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Considering Calipari and "Goal Was 8 Players Drafted Not Title"

Bob Donnan-USA TODAY Sports

Via every single source on the Internet, John Calipari told an audience Wednesday, while receiving an award from Alltech, that the team goal last season wasn't to win a national championship. Instead it was to get eight players drafted:

"Last year we started the season with a goal. You may think that goal was to win the national title and win all the games. It was to get eight players drafted. The mission statement for me would be to be a vehicle to help others reach their dreams, to be the stone that creates the ripple in their lives that goes on and on and on. Now, in our state, they want my mission to be WIN NATIONAL TITLES! WIN NATIONAL TITLES! But my mission is bigger than that."

You gotta respect the candor (even though "WIN NATIONAL TITLES!' is somewhat of a straw man). You must also have the kind of five year run Cal has led to weather the inevitable backlash in certain corners of BBN. If that's the way you talk to the fan base of college basketball's greatest program, then the watermark for it to even approach acceptability is extremely high in some circles.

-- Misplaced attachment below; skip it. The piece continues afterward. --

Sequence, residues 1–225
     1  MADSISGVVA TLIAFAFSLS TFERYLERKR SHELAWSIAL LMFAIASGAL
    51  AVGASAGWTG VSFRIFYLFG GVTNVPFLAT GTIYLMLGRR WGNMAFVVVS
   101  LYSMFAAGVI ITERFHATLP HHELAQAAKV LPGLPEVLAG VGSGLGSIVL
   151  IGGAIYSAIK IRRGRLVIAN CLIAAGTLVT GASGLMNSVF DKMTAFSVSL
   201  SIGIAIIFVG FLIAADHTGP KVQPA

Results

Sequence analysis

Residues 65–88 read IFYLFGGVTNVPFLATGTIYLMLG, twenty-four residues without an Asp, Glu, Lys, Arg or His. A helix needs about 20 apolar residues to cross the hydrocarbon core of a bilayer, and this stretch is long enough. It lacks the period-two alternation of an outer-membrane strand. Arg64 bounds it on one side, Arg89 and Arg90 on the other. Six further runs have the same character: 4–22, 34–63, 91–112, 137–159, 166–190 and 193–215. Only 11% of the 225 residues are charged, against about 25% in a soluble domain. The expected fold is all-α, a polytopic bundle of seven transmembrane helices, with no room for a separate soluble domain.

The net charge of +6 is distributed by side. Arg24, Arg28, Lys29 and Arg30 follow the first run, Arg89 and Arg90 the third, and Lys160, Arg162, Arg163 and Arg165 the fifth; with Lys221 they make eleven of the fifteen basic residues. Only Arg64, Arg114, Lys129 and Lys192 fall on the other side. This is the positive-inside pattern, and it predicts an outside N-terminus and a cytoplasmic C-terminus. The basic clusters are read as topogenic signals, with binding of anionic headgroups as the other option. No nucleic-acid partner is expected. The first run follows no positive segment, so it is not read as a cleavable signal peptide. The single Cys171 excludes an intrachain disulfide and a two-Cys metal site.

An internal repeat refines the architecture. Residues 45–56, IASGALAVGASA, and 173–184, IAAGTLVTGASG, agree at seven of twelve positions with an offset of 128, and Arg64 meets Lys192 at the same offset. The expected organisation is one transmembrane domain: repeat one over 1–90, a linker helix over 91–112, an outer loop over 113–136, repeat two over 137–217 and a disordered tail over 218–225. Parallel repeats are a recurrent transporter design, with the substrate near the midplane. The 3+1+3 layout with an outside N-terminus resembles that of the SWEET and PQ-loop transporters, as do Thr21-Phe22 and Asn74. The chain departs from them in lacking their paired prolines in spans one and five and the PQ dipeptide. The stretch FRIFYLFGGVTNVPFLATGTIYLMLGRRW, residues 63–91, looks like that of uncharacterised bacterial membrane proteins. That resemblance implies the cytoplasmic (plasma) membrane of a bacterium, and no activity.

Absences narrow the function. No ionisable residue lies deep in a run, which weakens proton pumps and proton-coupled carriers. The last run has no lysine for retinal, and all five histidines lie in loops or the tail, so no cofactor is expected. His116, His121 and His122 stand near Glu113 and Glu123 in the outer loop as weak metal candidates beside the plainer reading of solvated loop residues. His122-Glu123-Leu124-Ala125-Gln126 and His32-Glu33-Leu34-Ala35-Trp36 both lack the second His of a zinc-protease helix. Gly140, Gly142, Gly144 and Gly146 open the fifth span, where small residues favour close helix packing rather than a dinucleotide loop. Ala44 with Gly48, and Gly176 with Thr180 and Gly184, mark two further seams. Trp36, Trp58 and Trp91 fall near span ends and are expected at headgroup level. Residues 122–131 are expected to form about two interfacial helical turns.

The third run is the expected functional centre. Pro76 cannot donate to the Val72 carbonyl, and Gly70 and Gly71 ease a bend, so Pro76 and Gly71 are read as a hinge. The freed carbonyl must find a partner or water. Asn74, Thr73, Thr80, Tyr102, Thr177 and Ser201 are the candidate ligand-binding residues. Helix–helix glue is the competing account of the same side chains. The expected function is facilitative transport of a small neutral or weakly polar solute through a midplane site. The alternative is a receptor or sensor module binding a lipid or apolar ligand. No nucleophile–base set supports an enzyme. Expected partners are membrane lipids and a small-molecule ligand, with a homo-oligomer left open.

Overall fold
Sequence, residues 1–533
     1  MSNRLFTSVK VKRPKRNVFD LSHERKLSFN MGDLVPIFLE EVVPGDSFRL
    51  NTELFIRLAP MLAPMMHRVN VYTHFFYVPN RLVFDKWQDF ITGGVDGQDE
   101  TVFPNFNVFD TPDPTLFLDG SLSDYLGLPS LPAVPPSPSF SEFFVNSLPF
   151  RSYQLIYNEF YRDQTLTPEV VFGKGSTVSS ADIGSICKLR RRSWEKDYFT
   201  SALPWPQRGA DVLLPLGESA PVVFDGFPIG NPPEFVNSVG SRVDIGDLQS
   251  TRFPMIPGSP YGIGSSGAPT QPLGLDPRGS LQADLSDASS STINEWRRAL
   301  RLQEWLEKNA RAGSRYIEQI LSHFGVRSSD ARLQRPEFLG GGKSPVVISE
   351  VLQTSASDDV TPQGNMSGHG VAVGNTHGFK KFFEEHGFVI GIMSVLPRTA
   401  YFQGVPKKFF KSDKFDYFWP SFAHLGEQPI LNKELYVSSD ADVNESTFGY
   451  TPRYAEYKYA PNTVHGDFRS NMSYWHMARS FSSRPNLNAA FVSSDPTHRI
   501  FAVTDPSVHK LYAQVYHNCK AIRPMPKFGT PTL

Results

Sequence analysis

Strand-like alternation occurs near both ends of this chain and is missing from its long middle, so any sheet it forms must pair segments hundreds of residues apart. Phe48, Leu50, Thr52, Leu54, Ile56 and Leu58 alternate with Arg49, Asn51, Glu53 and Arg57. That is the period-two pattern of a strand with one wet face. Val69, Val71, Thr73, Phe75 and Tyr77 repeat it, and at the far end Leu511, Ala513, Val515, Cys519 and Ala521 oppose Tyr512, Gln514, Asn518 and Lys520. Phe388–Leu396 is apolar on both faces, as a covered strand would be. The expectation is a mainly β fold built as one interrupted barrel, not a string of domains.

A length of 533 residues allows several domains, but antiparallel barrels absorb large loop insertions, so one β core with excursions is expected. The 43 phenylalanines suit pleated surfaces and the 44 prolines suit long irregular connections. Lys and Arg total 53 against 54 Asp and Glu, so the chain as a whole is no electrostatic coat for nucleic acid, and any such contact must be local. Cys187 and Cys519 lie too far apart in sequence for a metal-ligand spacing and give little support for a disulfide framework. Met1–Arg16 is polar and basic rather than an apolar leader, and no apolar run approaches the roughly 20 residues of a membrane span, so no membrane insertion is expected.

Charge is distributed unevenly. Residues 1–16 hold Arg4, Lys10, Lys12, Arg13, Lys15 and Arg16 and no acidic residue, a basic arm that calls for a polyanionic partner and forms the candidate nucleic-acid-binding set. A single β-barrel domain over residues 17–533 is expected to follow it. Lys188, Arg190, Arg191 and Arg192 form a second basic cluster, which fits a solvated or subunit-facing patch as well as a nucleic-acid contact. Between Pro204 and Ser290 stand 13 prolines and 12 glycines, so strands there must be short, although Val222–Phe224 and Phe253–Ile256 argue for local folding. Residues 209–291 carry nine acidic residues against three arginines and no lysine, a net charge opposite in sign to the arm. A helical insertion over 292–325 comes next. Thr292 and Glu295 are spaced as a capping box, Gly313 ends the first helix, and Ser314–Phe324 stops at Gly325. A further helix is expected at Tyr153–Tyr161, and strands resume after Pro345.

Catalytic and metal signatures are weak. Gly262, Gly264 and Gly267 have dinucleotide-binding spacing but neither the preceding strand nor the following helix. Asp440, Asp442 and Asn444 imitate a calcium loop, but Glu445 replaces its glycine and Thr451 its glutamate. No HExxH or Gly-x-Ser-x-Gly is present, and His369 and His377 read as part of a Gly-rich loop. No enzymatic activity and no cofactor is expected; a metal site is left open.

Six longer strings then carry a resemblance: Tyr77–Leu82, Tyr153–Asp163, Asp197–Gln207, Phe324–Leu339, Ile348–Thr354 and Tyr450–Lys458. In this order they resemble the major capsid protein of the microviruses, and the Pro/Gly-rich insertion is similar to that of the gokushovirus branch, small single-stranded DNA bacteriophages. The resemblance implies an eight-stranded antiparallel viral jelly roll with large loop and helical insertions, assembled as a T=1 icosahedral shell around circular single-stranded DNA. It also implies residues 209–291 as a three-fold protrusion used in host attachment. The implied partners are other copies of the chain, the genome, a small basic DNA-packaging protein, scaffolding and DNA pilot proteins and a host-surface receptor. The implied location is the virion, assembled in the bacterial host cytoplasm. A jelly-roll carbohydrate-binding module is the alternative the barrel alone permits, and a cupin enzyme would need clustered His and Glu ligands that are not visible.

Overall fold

Cal's intent is axiomatic - it's all about recruiting. What appeals to today's elite players? It's not previous titles, coaches, or teams that earn nicknames. It's making it to the NBA and everything that achievement entails. Good for BBN that Cal is like Alec Baldwin's character in Glengarry Glen Ross shouting through the basketball offices, and encouraging his staff -- except he replaces "always be closing" with "always be recruiting." Every single word that comes out of his mouth targets the hearts and minds of recruits and their families. BBN benefits even if Cal is seemingly  suggesting he misrepresents the fan base's real desires to make himself look good in recruit's living rooms.

And does anyone really buy that he doesn't like winning? It's easy to see how much he cares by his insane recruiting schedule or the emotion on display during games. He sweats more than some of the players. It's late May and he continues to recruit players for next year's team despite currently being bound to fall in the preseason top five. He says he has a goal to go 40-0. He does care.

What is interesting about this comment is how it raises a conception that fans, coaches, and players each have independent self-interests, and sometimes they don't align. Who is to say which of these interest groups has a more legitimate claim than the other? Should a coach derive more pleasure from seeing his mentees achieve their goals, or from seeing the fans achieve their goals? Calipari has found a way to market that the former can actually lead to the latter.